The adhesive sticks according to the invention preferably contain sodium salts of C12-22 fatty acids of natural or synthetic origin as the soaps for forming the gel structure. C14.18 fatty acids and mixtures thereof are preferred. The sodium salts of the fatty acids, i.e. the soaps, are present in quantities of 3 to 20% by weight, based on the weight of the adhesive stick, and preferably in quantities of 5 to 10% by weight.
The auxiliaries typically used in adhesive sticks may also be used in the adhesive sticks according to the invention in quantities of 0 to 25% by weight, based on the adhesive stick. The auxiliaries in question are, for example, plasticizers and/or moisture regulators, i.e. organic water-soluble solvents, which are normally used in adhesive sticks. Other suitable auxiliaries are polyfunctional alcohols, such as propylene glycol, glycerol, polyglycerols, trimethylol propane, polyether glycols and also sorbitol and/or low molecular weight starch hydrolyzates which have been converted into the corresponding polyols by reduction with hydrogen. For example, a mixture of glycerol and polyethylene glycol may be used. The non-volatile organic solvents mentioned should be used in quantities of at most up to 50% by weight, based on the water content of the sticks. The content of glycerol and propylene glycol is preferably 0%.
In addition to the main components mentioned, typical auxiliaries, for example substances which promote easy and soft rubbing, may also be used. Substances such as these are, for example, aminocarboxylic acids and/or their lactams. Suitable aminocarboxylic acids or lactams should contain up to 12 carbon atoms and, more particularly, from 4 to 8 carbon atoms. The preferred representative in terms of practical application is £-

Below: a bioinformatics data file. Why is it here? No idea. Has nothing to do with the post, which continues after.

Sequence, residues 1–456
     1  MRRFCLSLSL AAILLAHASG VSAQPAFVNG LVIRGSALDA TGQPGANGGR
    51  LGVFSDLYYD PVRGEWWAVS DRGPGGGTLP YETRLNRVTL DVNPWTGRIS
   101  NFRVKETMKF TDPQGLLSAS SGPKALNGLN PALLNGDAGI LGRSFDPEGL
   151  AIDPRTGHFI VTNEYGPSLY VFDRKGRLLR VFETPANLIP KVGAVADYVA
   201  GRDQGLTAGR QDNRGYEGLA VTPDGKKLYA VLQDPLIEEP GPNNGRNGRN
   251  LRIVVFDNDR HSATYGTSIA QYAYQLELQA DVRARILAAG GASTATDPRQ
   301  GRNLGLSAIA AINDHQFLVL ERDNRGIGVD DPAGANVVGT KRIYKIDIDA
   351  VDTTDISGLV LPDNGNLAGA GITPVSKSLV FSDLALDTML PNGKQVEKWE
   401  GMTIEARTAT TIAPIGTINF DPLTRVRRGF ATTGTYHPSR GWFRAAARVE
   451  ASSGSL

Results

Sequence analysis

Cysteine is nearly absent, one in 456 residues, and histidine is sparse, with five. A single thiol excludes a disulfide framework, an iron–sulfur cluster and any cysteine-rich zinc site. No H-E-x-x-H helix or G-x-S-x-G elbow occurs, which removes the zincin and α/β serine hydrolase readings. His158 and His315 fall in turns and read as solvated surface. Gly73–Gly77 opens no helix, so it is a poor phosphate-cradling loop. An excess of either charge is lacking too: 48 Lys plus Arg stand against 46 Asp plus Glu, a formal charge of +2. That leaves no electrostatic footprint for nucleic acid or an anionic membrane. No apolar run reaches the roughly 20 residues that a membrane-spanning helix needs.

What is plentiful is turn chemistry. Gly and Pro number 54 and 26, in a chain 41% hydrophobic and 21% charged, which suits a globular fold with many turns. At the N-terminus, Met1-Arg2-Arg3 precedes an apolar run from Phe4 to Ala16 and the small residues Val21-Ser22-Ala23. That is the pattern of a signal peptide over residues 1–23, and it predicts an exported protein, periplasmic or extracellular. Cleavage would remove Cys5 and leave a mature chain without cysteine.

caprolactam or the 7-aminocaproic acid derived therefrom. The quantity in which the lactams or corresponding aminocarboxylic acids are used is normally no more than 15% by weight and, for example, between 1% by weight and 10% by weight, based on the stick as a whole.
The adhesive sticks according to the invention may contain pigments, dyes, perfumes, preservatives and the like as further auxiliaries. These auxiliaries are present in the usual small quantities. Other possible additives are, for example fillers, optical brighteners, dextrins, cellulose derivatives and non-destructured starch derivatives. Mannans, more particularly gaiactomannans, may be present as further additives in the adhesive sticks according to the invention. Gaiactomannans from the fruit of the carob tree and from guar flour are particularly suitable. The destructured ethers may also be replaced to a small extent by destructured mannans.